But you know... a really good, spicy dipping sauce and a cold beer can bury a multitude of sins... so it was dinner. :D

Couldn't agree more!

 

If you want random help on style stuff, feel free to hit me up! While I'm not incredibly knowledgeable on men's style, I've put some time in getting my closet to mostly fit well and be styles I liked so I can share what I found to be helpful in that process (plus insert stereotype about gay men and fashion sense here).

 Ballroom dancer, data nerd, calisthenics dabbler

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On 8/2/2020 at 5:50 PM, Vidd said:

I really like this challenge it all feels like things I ought to be doing too. For style I struggle to stay current too but what helps me is watching current young adult tv shows on Netflix and stealing ideas from what some of the guys are wearing. Stylists are getting paid big bucks to make these guys look amazing.

 

I'm looking forward to reading about your parkour too. That organization you're a part of looks epic and maybe I'll join you later down the road :)

 

I think a big chunk of my difficulty is I'm just never paying attention to it, ever. Even if I think someone looks good in what they're wearing, I just don't look at it closely enough to remember what it was later. Hopefully a little reading -- along with the challenge goal, so it's on the brain -- will help.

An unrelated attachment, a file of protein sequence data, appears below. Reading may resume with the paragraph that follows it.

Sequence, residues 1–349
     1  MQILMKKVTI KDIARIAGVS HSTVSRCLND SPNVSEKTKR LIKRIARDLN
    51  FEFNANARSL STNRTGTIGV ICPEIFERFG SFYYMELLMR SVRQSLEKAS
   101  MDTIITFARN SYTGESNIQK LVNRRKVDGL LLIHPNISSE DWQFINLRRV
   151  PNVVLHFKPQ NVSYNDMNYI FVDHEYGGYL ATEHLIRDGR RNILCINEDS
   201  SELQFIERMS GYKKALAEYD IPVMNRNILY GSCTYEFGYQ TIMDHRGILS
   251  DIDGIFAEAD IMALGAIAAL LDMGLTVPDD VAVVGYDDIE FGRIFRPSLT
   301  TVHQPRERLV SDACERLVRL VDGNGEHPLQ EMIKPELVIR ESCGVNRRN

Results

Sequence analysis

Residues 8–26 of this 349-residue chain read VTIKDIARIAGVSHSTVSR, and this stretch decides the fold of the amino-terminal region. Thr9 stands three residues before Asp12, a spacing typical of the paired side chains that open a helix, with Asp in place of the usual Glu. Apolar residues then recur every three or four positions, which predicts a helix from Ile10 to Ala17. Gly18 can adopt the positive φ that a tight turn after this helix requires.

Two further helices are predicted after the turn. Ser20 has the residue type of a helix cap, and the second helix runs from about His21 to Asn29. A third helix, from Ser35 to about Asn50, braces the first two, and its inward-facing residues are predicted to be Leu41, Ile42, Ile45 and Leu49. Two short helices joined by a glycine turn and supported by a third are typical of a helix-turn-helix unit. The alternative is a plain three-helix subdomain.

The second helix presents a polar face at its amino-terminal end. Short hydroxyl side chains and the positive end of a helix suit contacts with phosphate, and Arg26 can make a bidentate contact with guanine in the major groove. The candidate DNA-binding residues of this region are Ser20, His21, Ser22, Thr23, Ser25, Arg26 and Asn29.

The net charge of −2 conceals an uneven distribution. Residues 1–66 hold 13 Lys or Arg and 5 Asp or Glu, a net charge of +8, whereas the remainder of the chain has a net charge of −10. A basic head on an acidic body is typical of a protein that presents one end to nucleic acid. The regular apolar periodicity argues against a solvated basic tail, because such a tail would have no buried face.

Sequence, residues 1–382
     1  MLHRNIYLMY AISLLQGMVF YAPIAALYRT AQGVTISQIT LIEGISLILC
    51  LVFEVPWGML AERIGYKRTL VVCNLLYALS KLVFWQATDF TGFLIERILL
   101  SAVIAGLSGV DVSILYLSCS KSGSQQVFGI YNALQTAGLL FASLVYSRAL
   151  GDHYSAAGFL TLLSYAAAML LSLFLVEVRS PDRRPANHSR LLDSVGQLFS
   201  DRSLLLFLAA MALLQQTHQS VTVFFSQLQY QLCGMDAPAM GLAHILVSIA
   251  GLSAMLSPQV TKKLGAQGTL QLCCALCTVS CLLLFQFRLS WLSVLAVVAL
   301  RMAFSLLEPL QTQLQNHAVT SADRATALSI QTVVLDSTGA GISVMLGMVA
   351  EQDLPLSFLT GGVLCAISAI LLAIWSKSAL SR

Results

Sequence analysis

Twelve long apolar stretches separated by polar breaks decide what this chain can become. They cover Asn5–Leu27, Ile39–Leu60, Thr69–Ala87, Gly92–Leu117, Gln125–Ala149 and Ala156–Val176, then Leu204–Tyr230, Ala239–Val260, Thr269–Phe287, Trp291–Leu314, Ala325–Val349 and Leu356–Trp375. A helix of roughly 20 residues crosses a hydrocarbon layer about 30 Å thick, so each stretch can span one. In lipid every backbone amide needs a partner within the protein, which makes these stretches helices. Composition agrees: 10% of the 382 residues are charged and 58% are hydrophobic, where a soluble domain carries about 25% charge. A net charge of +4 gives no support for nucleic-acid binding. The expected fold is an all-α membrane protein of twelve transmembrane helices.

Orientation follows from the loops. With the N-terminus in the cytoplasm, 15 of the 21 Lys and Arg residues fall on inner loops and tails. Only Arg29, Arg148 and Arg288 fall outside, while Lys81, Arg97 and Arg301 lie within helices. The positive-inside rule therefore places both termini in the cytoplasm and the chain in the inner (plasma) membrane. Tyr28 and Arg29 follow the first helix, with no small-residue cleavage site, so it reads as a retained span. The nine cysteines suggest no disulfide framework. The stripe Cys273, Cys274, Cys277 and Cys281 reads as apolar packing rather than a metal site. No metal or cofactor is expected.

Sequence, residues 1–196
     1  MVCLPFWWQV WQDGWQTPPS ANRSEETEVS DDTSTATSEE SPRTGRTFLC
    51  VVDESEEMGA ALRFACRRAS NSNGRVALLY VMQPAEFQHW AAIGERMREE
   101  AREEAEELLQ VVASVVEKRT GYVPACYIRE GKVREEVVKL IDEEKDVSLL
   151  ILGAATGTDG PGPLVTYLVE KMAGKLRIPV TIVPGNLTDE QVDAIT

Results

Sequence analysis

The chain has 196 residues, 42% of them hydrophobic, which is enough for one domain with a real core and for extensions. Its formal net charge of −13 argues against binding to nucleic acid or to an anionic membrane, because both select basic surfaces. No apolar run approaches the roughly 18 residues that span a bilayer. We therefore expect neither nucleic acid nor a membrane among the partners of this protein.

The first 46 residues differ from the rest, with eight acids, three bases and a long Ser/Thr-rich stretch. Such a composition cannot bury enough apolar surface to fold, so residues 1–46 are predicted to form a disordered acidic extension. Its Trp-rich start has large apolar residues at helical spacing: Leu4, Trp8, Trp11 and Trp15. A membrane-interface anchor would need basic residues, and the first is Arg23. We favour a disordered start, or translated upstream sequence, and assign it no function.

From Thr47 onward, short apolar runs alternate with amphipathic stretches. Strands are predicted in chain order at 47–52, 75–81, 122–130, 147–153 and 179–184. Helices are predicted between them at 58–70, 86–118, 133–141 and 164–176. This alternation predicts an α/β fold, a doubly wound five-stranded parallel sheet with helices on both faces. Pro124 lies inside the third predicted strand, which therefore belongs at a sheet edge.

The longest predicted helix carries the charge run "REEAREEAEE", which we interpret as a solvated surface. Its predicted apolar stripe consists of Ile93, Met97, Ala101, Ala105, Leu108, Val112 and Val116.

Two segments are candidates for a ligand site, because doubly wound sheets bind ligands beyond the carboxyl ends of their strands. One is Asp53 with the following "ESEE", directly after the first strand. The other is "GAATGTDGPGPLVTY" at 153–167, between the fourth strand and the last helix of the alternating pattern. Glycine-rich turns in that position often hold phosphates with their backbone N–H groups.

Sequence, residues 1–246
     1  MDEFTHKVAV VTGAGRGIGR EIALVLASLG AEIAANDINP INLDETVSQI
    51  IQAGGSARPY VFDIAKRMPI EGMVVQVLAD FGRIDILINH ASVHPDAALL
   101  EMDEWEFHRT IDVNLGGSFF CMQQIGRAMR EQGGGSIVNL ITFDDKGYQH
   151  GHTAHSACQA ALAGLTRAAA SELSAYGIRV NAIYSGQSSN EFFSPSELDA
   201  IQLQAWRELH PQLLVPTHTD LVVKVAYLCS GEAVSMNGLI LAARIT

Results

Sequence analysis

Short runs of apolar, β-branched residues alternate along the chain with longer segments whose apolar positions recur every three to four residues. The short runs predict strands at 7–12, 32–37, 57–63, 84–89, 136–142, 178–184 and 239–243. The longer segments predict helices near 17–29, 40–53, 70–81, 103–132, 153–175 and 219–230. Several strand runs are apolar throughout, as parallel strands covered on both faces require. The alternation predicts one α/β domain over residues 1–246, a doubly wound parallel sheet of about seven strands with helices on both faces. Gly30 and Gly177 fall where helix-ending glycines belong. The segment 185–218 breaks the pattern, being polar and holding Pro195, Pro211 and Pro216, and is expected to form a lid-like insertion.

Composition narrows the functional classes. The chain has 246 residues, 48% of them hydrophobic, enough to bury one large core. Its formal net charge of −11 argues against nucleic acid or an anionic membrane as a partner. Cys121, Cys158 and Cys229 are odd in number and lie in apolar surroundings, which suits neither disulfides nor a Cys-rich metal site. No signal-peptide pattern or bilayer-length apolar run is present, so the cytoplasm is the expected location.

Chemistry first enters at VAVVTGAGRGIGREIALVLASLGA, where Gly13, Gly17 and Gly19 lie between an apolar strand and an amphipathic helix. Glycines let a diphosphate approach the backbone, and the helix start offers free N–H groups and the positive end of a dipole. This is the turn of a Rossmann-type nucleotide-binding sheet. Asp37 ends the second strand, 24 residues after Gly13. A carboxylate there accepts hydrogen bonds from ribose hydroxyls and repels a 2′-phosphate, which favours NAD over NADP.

Parkour Visions is great! We're a little smaller than we used to be. Parkour no longer enjoys the zeitgeist it had a few years ago, so there are fewer newish students. We still have a decent number of high-level practitioners though, and I think PKV's curriculum is excellent for learning. I had practiced on my own a few times before starting classes, but once I was learning from coaches I took huge leaps forward. You learn way faster when you're watching someone demo a technique in person and getting real-time feedback.

 

On 8/4/2020 at 11:51 AM, Mike Wazowski said:

👏 woo, pistols!

 

If you want random help on style stuff, feel free to hit me up! While I'm not incredibly knowledgeable on men's style, I've put some time in getting my closet to mostly fit well and be styles I liked so I can share what I found to be helpful in that process (plus insert stereotype about gay men and fashion sense here).

 

Pistols!!!